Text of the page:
I have heard many people say "Well, I never ate anything bad. I ate all organic, etc. and still got cancer". I don't think that the dietary problems that lead to cancer are habits that we had in the years immediately prior to diagnosis. You have to go back farther than that..It takes a polyp up to 10 years to develop and turn into cancer. So, it would make sense to me that your diet growing up, in your adolescent years plays a large role. Sadly, how many teenagers do you know who eat healthy diets? I know my Mom gave me lunch meat almost every day and I was not a stranger to Taco Bell, etc. Since I graduated from college I started cooking for myself and eating a much healthier diet, however, that was only really beginning at the age of 22 or 23, by which time I assume I already had "the polyp"...I was diagnosed at 31. With the recent revelation that more and more young people are being diagnosed, particularly in the 20-30 age group, I personally belive that our diets in our teenage years play a large role in early onset colon cancer.
As an aside, I have consulted w/ a N.D. throughout my ordeal w/ CC. and have taken a variety of supplements over the last 7 years and continue to strive to eat a healthy diet, exercise far more than your average bear and keep the negative yucky talk to a minimum.
Cheers,
Susan H.

snommintj's picture
snommintj
Posts: 602
Joined: Mar 2009

MD Anderson recently released updated survival figures for advanced CRC patients. Patients following conventional therapies that were diagnosed between 2000-2003 are surviving on average 30 months. With 5 year survival rates as high as 30%. They won't be able to release figures for those diagnosed between 2004-2006 for quite some time but there is talk that 5 year survival might be approaching 50%. Find me a diet that can compete with those numbers and I'm all over it.
I'm all for juicing and eating healthy, but you should definitely consider chemo in addition to diet.

Joy1216's picture
Joy1216
Posts: 293
Joined: Mar 2006

Right after I was diagnosed with stage I cc in 2006, I read a really inspiring book by a local stage IV breast cancer survivor. In addition to chemo and surgery at MD Anderson, she also changed her diet and had acupuncture and massage, as well as other forms of complementary medicine. The last I heard she was still cancer free. The name of the book is Bigger Than Pink: The Book I Could Not find When I Was Diagnosed With Stage Four Cancer. The author is Lori C. Lober.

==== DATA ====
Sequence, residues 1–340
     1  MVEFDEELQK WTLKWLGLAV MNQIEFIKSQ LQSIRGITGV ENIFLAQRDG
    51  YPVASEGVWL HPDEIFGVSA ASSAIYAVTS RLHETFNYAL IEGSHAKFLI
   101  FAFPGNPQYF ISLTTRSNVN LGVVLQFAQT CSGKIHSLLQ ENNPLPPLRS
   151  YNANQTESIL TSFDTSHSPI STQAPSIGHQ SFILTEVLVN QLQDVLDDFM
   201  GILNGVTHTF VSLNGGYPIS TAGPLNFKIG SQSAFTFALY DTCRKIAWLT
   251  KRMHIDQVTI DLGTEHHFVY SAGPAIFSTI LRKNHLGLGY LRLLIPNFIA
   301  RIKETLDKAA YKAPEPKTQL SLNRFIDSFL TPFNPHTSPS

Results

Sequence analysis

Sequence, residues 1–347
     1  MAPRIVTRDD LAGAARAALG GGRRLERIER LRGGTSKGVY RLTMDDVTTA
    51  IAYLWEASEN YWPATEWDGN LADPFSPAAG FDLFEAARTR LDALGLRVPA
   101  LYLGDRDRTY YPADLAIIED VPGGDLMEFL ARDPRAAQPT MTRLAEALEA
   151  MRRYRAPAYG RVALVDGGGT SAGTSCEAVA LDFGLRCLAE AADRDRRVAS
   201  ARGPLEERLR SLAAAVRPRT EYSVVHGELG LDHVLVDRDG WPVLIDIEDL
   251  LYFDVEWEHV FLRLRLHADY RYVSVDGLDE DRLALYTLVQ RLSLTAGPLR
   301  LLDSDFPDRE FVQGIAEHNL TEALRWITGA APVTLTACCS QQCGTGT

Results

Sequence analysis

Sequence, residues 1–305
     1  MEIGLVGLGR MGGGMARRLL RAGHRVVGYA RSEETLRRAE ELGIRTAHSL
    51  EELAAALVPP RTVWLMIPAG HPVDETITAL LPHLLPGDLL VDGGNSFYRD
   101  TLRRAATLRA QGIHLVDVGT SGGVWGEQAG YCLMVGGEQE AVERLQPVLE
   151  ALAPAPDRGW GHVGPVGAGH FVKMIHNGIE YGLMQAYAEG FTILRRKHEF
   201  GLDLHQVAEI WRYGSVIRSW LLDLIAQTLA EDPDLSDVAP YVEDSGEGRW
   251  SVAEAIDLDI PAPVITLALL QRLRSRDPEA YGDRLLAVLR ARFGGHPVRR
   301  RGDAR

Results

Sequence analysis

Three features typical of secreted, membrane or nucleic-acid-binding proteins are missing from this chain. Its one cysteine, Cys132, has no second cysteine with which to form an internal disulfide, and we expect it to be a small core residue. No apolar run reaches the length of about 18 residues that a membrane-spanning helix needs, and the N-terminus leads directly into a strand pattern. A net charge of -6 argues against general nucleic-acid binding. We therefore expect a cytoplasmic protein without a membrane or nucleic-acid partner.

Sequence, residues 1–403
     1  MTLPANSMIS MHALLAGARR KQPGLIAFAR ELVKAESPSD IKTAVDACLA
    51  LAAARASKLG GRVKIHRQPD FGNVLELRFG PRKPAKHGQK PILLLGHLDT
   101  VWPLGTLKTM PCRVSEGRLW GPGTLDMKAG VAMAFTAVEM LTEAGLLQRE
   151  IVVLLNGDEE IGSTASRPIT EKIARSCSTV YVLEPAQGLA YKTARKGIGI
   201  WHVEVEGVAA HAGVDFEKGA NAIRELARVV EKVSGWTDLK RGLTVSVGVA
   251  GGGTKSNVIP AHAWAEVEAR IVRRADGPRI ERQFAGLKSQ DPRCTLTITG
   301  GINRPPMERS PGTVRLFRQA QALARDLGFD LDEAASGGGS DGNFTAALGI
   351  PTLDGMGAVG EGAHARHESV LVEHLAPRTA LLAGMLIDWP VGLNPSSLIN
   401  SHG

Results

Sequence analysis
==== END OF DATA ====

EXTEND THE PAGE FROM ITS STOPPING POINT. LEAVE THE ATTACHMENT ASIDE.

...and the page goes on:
Sometimes the term alternative medicine is used synonymously with complementary medicine. How confusing! I found a book about complementary medicine that was called Mayo Clinic Guide to Alternative Medicine 2007. It's about using both conventional and non-conventional treatments. I haven't looked for the 2008 or 2009 versions.

Since I was stage I, I have no experience with chemo and am not commenting on chemo vs. diet. I just wanted to mention these two resources.
Joy

2bhealed's picture
2bhealed
Posts: 2085
Joined: Dec 2001

Hello my Semi-colon compadres!

Sheesh! Ya go away for an extended weekend and look what happens!

Was I accused of having a Big But?? HA! Wow, though... what an honor to be called a centerfold or be mentioned in the same breath as Lance Armstrong when talking about athletes who had cancer! I couldn't even dream of being a domestique in his peloton or even worthy of handing him his feedbag for crying out loud. But it brought a smile to my face being called an athlete! Thanks! :-) Ok, now down to business.....

Dave,

First of all, at the Mayo Clinic where I had my diagnostics, surgery and follow-up care for the past 7.10 years, Stage II colon cancer does NOT get chemo recommended. Now they may have changed that, but even 4 (?) years ago their protocol for Stage II was no chemo- just surgery. You may want to research your options. www.cancerdecisions.com

When I was diagnosed in August, 2001 with Stage III lymph positive sigmoid colon cancer, the chemo scared me more than the cancer. NO ONE in my family, the 3 members who had cancer (lung, breast, intestinal) had their cancer cured OR survived chemo. So given those odds 3/3, you can believe that I was pretty darn concerned and I didn't want to make it an even 4/4. My sister died at 33 and I witnessed up close and personal a long and painful demise. I give you this background to tell you where I was coming from. Call it motivation.